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A serviceman guards a Ukrainian SU-27 plane in Ozerne air base, in Zhytomyr region in northern Ukraine on Dec. 6, 2018.SERGEI SUPINSKY/AFP/Getty Images

In a private video call with American lawmakers over the weekend, Ukrainian President Volodymyr Zelensky made a “desperate” plea to the United States to help Kyiv get more warplanes to fight Russia’s invasion and retain control of its airspace.

U.S. Secretary of State Antony Blinken says Washington has given a “green light” to the idea and is currently “very, very actively” looking at a proposal under which Ukraine’s neighbor Poland would supply Kyiv with Soviet-era fighters and in turn receive American F-16s to make up for their loss.

However, the proposition is fraught with uncertainty and Poland has been less than enthusiastic about it in public, largely because Russia has warned that supporting Ukraine’s air force would be seen in Moscow as participating in the conflict and open up suppliers to possible retaliation. Official comment from NATO and European Union member Poland has been only to confirm continuing talks on the subject.

Zelensky pleads with U.S. Congress to send more planes to Ukraine

Allies consider sending warplanes to Poland if Warsaw delivers Soviet-era planes to Ukraine

Why does Ukraine need warplanes?

Ukraine’s air force uses Soviet-made Mig-29 and Su jet fighters to defend its skies and territory from Russia’s military invasion that began Feb. 24 and has appealed for more warplanes to be able to continue the mission in the long run.

The air force has been far outnumbered by the much more powerful Russian air force, but Ukrainian pilots have continued to fly combat sorties and claim kills in combat despite repeated assertions by the Russian military that it has suppressed Ukraine’s air power and air defense assets.

Why not U.S. warplanes?

Ukraine’s military pilots aren’t trained to fly U.S. jet fighters and would be far more equipped to handle MiG-29 or Su planes that are currently used by former Soviet-bloc NATO members Poland, Bulgaria and Slovakia.

Ukrainian pilots would be able to fly MiGs right away, but Poland isn’t eager to lose significant amounts of its air force without replacements. U.S.-made F-16s are becoming the mainstay of Poland’s air force as it modernizes its military.

What is Poland’s response?

Blinken has said there is a “green light” for Poland to send planes to Ukraine.

“We are looking actively now at the question of airplanes that Poland can provide to Ukraine and looking at how we might be able to backfill should Poland decide to supply those planes. I can’t speak to a timeline, but I can just tell you we’re looking at it very, very actively,” Blinken said on Sunday in Moldova.

The response from Poland was restrained, though.

“As far as sending planes, I can only repeat that no decisions have been taken on the subject,” government spokesman Piotr Mueller said.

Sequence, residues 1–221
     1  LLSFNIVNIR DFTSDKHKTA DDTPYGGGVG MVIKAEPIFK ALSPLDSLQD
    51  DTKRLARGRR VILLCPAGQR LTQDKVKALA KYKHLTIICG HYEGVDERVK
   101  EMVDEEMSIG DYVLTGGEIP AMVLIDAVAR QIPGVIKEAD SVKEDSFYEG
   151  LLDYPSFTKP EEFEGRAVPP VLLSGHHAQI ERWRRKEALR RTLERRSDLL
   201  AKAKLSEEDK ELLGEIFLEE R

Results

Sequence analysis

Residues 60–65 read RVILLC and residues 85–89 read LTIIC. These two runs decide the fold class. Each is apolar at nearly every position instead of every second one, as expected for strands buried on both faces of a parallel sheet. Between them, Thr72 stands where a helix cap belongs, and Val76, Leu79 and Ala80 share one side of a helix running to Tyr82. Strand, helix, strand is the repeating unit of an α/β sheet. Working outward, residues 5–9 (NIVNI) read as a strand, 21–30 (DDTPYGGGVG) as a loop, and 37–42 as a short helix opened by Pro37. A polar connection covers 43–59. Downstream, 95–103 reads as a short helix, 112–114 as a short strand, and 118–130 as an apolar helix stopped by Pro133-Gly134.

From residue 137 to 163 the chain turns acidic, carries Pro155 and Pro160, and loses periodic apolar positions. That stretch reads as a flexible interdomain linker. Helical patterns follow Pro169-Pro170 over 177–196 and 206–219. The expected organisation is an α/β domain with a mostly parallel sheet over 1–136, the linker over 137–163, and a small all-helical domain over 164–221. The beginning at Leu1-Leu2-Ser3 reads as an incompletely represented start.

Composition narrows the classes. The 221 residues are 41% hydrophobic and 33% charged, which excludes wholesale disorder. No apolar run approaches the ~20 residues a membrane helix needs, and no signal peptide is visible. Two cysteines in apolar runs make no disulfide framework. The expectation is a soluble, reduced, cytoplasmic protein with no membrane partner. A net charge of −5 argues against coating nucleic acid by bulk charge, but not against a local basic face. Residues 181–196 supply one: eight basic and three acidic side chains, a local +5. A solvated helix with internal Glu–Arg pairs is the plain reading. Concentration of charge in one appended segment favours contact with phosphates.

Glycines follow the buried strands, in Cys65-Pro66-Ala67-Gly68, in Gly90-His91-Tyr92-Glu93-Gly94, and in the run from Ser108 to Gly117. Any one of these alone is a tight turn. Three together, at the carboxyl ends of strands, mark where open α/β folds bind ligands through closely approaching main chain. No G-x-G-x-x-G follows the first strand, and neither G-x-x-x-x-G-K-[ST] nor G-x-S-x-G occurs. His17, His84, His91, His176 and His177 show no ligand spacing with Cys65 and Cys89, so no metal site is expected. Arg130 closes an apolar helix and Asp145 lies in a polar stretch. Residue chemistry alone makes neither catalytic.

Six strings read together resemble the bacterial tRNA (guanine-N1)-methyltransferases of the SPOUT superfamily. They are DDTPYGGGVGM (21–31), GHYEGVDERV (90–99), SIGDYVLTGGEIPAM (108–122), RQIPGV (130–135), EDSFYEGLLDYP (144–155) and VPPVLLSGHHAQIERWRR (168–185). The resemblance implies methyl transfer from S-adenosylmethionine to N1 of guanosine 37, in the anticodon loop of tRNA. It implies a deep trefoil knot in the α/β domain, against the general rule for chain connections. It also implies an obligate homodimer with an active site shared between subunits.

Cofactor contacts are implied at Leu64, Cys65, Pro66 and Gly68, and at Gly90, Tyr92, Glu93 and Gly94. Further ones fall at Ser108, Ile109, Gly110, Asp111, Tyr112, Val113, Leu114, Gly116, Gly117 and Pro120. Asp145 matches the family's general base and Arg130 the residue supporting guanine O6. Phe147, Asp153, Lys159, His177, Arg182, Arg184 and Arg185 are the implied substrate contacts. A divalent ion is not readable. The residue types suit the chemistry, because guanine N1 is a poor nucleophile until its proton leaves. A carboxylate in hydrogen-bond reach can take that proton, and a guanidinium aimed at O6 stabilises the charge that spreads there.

Mueller denied allegations that Poland could be making its airfields available to Ukrainian warplanes. Russia alleges that Romania and some other countries it didn’t name are hosting Ukraine’s warplanes.

Meanwhile, Poland has been supportive of Ukraine both politically, supporting it’s territorial integrity and sovereignty, and on a humanitarian level, opening its border to refugees from the non-EU country.

Why is Poland non-commital?

Despite its supportive stance toward Ukraine in its struggle, Warsaw is facing a crucial and challenging decision regarding making its planes available to Ukraine.

Russia has warned Ukraine’s neighbours against hosting its warplanes on their territory saying Moscow could consider that as their “engagement in the military conflict.” That could mean an opening of hostilities.

Russia’s words could be taken as a wider warning against aiding Ukraine’s air forces.

Poland also borders Russia, through the Kaliningrad exclave, and has a long border with Russia’s close ally Belarus. Relations between Warsaw and Moscow have been at a low point since a right-wing government took office in Poland in 2015.

Other considerations

One of the main issues is where these MiGs, if made available, would be based as they couldn’t be on NATO soil. It isn’t clear if Ukraine would be able to safely house and service them in the long run, given the warfare on its territory.

Another question to resolve would be how to deliver the planes to Ukraine. Polish pilots, who are also NATO pilots, couldn’t fly them to Ukraine without risking NATO involvement in the conflict, and sending Ukrainian pilots to Poland to fly them back could present similar issues.

There is also an F-16 production backlog, which means the countries that potentially give away their MiGs and Su fighters to Ukraine would need to wait for the backfill for some time.

U.S. Senator Marco Rubio summed it up by saying: “There’s complications that come with. It’s not just as easy as handing it over. You got to fly those in. You got to station them somewhere on the ground.

“And ... the Russians have launched a pretty – anywhere in between eight to 12 rockets at an airport in the sort of west of Ukraine. And it’s just a part of a strategy to deny them places to move that airframe,” said Rubio, a Republican from Florida.

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